Walk-Jog Progression and Why I Love Running

When returning to running after 4+ weeks off or when starting running, the best approach is to use a walk-jog program. Below is a list of progressions with each walk-jog about 30 minutes total. The workouts should be performed every other day, advancing to the next stage only when you are conformable (and pain free) with the previous one. It is okay to repeat certain stages or revert back to the previous stage if it is too hard. Try not to skip stages, even if you are feeling good - the body needs time to ease into it. Before starting, make sure you can easily walk 30+ minutes continuously without difficulty. 

  1. 5 minute walk then 1 minute jog, repeat 5 times
  2. 4 minute walk then 2 minute jog, repeat 5 times
  3. 3 minute walk then 3 minute jog, repeat 5 times
  4. 2 minute walk then 4 minute jog, repeat 5 times
  5. 1 minute walk then 5 minute jog, repeat 5 times
  6. 1 minute walk then 10 minute jog, repeat 3 times
  7. Gradually work up to 20-30 minutes of continuous running

Always start with a warm-up (preferably a dynamic warm-up), and always finish with a cool down (preferably with stretching and foam rolling). If you have any pain, ice the area soon after finishing.

Additionally, it is best walk-jog on flat, soft surfaces such as a treadmill, athletic field, or dirt path. Try to avoid hills and paved areas when you are starting off, as the pounding will be harder on your joints. It is very important to complete strength and stability exercises in addition to the walk-jogs in order to prevent injury or re-injury. Here is a great routine to include 2-3 times per week. You can also swim, walk, bike, or do other activities on your non walk-jog days for cross-training. 

One final note is to never increase speed and distance at the same time. This progression above assumes you are keeping your jogging/running speed constant. Once you get up to 20-30 minutes, you can increase your speed as long as you don't change your total time the same day.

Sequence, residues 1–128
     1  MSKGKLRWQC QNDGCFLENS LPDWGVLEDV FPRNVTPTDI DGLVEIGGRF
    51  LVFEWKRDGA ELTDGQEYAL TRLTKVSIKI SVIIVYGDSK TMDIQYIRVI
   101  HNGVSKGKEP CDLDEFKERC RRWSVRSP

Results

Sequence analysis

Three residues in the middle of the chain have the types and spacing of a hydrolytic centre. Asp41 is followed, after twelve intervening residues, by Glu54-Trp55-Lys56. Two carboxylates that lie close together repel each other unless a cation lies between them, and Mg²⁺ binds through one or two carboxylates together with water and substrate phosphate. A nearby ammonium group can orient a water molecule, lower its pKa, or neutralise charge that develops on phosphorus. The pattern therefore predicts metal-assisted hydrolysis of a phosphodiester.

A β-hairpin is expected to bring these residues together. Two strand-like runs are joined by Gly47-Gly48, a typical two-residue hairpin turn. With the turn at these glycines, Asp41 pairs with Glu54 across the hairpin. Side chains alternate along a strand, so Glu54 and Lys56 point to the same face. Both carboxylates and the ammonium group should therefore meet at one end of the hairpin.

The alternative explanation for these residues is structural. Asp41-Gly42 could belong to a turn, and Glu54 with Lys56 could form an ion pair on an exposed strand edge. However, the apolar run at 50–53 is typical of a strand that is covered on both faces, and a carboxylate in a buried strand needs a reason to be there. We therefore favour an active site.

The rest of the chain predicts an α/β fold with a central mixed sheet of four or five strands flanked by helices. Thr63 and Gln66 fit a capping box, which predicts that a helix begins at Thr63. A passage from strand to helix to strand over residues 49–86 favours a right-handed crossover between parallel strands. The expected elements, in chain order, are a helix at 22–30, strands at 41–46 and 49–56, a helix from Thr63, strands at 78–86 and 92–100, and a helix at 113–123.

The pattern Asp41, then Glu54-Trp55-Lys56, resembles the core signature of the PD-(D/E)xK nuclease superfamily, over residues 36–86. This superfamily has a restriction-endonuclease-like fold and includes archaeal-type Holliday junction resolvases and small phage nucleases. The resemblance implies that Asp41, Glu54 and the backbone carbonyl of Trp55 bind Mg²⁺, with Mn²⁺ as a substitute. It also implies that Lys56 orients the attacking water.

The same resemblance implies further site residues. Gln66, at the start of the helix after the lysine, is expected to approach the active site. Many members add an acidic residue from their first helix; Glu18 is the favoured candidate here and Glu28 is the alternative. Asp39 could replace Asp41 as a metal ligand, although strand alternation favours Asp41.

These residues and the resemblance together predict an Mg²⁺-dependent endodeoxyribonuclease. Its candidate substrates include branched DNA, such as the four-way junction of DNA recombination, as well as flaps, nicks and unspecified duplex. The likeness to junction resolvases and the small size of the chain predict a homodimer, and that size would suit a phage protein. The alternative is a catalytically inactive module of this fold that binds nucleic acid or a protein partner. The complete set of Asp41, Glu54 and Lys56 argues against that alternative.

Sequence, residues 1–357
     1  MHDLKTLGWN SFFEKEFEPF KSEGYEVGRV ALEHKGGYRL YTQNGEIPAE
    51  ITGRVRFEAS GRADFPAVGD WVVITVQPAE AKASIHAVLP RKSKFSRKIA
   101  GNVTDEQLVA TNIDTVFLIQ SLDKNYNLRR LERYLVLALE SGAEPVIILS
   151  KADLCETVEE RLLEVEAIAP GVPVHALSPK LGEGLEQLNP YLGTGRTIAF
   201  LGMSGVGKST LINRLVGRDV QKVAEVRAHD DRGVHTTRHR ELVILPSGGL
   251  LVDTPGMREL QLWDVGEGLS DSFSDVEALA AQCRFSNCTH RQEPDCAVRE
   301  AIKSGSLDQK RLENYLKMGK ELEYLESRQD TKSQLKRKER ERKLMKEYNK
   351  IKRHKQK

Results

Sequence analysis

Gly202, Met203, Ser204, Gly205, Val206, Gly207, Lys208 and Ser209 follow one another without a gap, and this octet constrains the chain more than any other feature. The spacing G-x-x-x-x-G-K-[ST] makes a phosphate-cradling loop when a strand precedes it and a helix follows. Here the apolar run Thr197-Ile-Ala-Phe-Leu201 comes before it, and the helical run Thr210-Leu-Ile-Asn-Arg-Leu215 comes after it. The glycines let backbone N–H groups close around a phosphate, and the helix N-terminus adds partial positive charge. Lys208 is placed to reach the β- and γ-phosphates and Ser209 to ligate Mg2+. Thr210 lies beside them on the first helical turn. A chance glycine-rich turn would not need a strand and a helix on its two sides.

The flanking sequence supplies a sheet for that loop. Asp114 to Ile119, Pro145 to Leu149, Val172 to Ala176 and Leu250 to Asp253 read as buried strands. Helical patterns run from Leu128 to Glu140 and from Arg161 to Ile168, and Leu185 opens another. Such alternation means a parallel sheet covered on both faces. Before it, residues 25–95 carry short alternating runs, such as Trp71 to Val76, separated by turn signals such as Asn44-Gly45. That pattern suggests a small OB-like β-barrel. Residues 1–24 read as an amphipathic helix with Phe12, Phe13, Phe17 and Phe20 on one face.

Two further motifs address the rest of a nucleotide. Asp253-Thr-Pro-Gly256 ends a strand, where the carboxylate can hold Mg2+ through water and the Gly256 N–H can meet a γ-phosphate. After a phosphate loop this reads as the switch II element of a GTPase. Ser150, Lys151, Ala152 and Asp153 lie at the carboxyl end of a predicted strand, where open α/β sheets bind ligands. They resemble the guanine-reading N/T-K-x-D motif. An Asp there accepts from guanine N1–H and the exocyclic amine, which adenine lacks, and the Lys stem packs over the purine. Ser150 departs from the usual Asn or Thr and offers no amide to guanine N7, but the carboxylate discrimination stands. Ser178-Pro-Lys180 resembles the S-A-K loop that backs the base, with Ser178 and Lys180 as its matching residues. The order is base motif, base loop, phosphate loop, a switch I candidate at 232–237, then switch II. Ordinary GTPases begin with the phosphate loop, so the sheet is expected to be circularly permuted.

As a physical therapist, I have used this type of program for many athletes as well as other patients returning from injury such as an ACL repair or other trauma. I have also used this program myself after my meniscus injury. You will find many similar programs out there.

Yesterday I was asked, "Why do you love to run?" My answer initially seemed simple - it makes me happy! But as I thought about it, I realized my answer is much more complex. I love to run for so many reasons including:

  • It makes me feel strong and free.
  • It gives me purpose and dreams to chase.
  • It brings out determination and courage inside of me.
  • It allows me to have time to myself to think and reflect.
  • It gets me outside to explore and enjoy nature. 
  • It is simple and consistent.

Why do you love your sport? Let me know in the comments! This can be anything including walking, running, swimming, tennis, cross-country skiing, alpine skiing, cycling, hiking, etc.